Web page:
Who Killed Cock Robin? Peterloo and Satire

Our blog series to mark the bicentenary of the Peterloo Massacre continues today with the first of several pieces from Dr Katie Carpenter, who is an AHRC Creative Economy Engagement Fellow with the Citizens Project at Royal Holloway, and the Parliamentary Archives. Katie has been researching Peterloo in the Parliamentary Archives as part of the Citizens Project’s forthcoming Massive Online Open Course, From Peterloo to the Pankhursts and the Parliament & Peterloo exhibition, which is now open to the public in Westminster Hall, UK Parliament, until 26 September 2019. Katie has identified several important documents relating to Peterloo and in this series will share them with us. Appropriately, ahead of our event this evening, which features a paper on Peterloo and satire from Professor Ian Haywood, first up she offers a discussion of the satirical nursery rhyme, Who Killed Cock Robin?: A Satirical Tragedy or Hieroglyphic Prophecy on the MANCHESTER BLOT!!!

The public outrage at the Peterloo Massacre, and the government’s oppressive response, saw an outpouring of protest. This protest took many forms, including speeches in Parliament, petitions to the House of Lords and the House of Commons, and the establishment of a relief committee to assist the injured and families of the deceased. However, some of the most evocative protests were in the form of satire.

The already macabre nursery rhyme Who Killed Cock Robin? follows the tale of the murdered Cock Robin, killed by bow and arrow by the Sparrow. According to Iona Opie, the first printed version of Who Killed Cock Robin? was in Tommy Thumb’s Pretty Song Book (1744). It has been suggested that it was originally a satire referring to the failed ministry of Robert Walpole in 1742, although this is unsubstantiated.

(c) House of Lords Library

In 1819, the radical writer John Cahuac published a satire of Who Killed Cock Robin?, giving it the sub A Satirical Tragedy or Hieroglyphic Prophecy on the MANCHESTER BLOT!!! This satire is not as well-known as William Hone’s post-Peterloo satire The Political House that Jack Built, also based on a nursery rhyme, and Cahuac has been described as ‘almost entirely forgotten today’. (Michael Demson, ‘Remembering John Cahuac: Post-Peterloo Repression and the Fate of Radical-Romantic Satire’, Romantic Circles, romantic-circles.org/) The tale, however, is an evocative account of the Peterloo Massacre.

(c) House of Lords Library

It begins, ‘These are / THE MANCHESTER / SPARROWS, / Who kill’d POOR ROBINS, / Without Bows or Arrows’ with an accompanying image of two soldiers on horses slashing through a crowd. A woman carrying a young child tries to flee. The Robins, in this case, represent the innocent men, women and children who died as a result of the violence in St Peter’s Field on 16th August 1819. The Sparrows represent the armed yeomanry who charged through the crowds.

(c) House of Lords Library

A chilling account of the violence of the day is told through the nursery rhyme: ‘To prove we were no / feather-bed Soldiers / We first cut their heads, / and then their shoulders’. The magistrates who oversaw the massacre were likened to ravens, who cared little for the sufferings of the poor, preferring to let them starve than have parliamentary reform: ‘Let Radical Birds, / who piteously cry– / We’ve no work, want food,– / Let them starve–let them die.’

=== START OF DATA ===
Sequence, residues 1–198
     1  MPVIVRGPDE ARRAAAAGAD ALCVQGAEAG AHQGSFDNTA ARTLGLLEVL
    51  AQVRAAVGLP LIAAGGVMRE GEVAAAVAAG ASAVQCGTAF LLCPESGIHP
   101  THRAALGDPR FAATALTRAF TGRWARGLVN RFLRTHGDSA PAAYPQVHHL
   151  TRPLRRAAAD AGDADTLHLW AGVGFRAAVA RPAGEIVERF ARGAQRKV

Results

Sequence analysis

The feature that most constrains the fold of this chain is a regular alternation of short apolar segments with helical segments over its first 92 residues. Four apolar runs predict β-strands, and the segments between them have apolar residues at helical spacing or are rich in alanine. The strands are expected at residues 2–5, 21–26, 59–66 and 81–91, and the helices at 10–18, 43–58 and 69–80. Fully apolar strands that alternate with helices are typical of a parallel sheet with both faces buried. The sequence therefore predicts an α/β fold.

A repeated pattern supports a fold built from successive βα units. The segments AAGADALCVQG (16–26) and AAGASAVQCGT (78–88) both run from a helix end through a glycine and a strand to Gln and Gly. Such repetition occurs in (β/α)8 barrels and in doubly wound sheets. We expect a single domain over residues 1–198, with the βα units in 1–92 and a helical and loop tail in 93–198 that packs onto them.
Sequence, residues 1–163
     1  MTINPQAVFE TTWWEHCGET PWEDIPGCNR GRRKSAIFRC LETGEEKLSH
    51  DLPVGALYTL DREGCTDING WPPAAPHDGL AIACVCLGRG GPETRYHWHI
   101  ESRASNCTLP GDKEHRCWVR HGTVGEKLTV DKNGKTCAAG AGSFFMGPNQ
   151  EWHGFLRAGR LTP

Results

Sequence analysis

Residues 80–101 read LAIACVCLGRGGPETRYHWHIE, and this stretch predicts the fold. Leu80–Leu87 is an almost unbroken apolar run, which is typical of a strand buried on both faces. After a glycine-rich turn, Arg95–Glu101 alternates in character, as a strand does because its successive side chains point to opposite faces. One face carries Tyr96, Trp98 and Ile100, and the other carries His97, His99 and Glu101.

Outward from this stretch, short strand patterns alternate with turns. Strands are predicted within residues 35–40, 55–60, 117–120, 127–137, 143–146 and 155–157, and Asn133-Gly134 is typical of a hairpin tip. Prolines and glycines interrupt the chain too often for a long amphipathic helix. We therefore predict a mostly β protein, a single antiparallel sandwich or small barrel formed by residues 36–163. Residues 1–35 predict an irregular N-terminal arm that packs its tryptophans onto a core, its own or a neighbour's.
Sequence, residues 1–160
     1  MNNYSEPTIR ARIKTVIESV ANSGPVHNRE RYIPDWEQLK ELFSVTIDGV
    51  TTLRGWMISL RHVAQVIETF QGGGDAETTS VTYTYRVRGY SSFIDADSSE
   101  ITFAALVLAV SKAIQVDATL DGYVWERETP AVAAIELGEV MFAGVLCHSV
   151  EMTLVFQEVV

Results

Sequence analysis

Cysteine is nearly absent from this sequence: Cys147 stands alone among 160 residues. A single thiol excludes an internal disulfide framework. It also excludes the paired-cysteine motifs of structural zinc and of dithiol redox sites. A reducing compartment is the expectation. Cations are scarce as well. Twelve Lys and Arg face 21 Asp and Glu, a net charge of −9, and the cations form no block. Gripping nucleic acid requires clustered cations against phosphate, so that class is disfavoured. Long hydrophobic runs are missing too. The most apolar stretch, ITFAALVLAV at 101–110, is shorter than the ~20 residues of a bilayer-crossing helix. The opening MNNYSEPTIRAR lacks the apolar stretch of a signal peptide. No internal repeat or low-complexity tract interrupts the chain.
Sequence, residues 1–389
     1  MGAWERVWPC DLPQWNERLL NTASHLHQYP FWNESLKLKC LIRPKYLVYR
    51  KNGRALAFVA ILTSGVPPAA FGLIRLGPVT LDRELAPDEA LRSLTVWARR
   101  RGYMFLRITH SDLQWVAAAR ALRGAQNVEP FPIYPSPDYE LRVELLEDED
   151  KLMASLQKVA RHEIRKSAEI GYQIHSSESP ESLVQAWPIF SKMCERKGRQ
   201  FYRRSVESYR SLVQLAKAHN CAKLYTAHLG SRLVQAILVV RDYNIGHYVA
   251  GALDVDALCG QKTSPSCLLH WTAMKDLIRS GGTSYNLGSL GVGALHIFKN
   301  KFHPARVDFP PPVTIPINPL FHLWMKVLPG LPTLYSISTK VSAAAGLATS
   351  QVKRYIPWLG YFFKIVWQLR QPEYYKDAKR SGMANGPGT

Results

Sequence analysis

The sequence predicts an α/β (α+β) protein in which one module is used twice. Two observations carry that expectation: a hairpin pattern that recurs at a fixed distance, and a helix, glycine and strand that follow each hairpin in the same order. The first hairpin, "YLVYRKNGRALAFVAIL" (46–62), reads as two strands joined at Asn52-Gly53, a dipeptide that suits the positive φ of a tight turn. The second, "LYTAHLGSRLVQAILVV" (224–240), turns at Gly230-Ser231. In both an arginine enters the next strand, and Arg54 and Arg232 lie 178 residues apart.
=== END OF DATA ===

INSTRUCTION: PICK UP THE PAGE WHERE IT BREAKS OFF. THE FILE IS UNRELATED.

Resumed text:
The government was depicted as ‘THE BIG-WIG CREW, / who decided, AT SIGHT, / That SPARROWS might lawfully / kill ROBINS outright.’ The accompanying image depicted major figures in British politics as birds, such as a duck, Lord Quack-mouth (Sidmouth), a hawk, Lord Castle-hawk (Castlereagh) and a rooster, Duke Crow-Well-in-Tune (Wellington).

(c) House of Lords Library

The poem ends, however, with a rallying cry for the ‘robins’ to pull together. In an accompanying image, ‘The Robin’s Guardian’, Lady Justice is shown asleep on the grave of Magna Carta and Habeas Corpus, as the scales of justice favour the Crown over the people. But the ominous tone of the poem is counterbalanced with a message of hope to the people, as the poem tells us, ‘She [Justice] will at last awake / in DREAD ARRAY, / And strike her Big-Wig Foes / with Terror and Dismay.

At the end of the rhyme, Cahuac prophesies that justice will come for the ravens, which, when awakened, ‘Shall strike with vengeance / the merciless Crew, Who prais’d the bold  SPARROWS / for the blood they drew.’ Although there was never any punishment of the soldiers present at the meeting, nor the government which refused to condone their violent actions, Cahuac was right about something else: ‘For sooner or later / some REFORM must take place, / Or these RAVENS will be ousted / without any grace.’ It would take more than a decade for this to become true. The Duke of Wellington was ousted from power in November 1830 because of his unrelenting opposition to parliamentary reform. The Whig ministry of Earl Grey which replaced him finally passed a Reform Act in 1832.

KC

Further Reading

  • Who Killed Cock Robin? A Satirical Tragedy or Hieroglyphic Prophecy on the MANCHESTER BLOT!!! 2nd ed. London: John Cahuac, 1819.
  • Iona Opie, ‘Cock Robin’ in The Cambridge Guide to Children’s Books in English ed. V. Watson (Cambridge: Cambridge University Press, 2001).
  • Michael Demson, ‘Remembering John Cahuac: Post-Peterloo Repression and the Fate of Radical-Romantic Satire’, Romantic Circles, https://romantic-circles.org/praxis/shelley_politics/praxis.2015.shelley_politics.demson.html

For more blogs in our Peterloo series click here.

Check out our video: The Peterloo Massacre in context

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